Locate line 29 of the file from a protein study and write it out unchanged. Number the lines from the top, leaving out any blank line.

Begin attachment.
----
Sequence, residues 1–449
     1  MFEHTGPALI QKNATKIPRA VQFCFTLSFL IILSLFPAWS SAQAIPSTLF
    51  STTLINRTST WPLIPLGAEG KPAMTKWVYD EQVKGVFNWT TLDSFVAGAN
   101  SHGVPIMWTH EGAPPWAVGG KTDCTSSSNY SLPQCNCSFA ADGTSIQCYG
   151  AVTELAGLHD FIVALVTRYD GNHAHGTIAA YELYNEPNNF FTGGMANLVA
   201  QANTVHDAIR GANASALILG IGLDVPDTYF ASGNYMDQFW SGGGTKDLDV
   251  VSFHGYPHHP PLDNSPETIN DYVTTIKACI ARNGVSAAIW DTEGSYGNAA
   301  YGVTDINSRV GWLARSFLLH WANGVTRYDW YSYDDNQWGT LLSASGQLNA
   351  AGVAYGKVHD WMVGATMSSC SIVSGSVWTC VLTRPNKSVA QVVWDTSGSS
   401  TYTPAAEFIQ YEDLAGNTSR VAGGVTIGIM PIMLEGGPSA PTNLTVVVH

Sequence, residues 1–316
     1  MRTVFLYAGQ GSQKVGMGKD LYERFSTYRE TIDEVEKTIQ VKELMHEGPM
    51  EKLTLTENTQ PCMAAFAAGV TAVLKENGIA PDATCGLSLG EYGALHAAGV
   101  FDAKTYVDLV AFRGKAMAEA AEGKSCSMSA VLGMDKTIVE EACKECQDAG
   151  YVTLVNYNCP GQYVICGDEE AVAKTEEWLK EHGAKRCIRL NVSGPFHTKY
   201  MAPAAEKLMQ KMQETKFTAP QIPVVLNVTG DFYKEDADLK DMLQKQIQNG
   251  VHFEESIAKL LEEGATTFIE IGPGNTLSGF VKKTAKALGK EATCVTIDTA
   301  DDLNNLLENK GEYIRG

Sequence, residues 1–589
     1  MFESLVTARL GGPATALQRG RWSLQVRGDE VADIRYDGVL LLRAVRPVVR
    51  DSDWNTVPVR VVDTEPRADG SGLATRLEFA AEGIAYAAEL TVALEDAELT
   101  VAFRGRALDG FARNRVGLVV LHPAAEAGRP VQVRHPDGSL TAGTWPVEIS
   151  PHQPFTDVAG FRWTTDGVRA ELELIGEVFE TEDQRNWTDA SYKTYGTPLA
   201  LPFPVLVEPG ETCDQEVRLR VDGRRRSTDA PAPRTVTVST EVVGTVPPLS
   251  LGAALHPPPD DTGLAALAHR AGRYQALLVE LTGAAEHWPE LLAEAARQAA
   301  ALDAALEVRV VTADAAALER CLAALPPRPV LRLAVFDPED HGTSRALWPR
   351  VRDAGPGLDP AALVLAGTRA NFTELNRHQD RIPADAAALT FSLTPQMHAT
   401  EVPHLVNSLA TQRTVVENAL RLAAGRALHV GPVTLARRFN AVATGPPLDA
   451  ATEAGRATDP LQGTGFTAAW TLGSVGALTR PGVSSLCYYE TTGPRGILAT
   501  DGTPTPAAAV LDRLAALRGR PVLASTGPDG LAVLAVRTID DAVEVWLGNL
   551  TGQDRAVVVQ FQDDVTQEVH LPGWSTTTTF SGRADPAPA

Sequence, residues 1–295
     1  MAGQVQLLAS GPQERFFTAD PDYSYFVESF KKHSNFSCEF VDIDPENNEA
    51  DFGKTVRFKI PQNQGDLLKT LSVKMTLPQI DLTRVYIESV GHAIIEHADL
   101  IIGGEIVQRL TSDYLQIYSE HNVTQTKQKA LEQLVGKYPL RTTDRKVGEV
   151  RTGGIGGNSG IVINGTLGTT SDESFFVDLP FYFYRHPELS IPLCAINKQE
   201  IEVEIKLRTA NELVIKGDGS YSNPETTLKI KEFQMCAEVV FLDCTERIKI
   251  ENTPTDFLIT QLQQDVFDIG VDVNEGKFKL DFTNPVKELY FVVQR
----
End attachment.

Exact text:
   451  ATEAGRATDP LQGTGFTAAW TLGSVGALTR PGVSSLCYYE TTGPRGILAT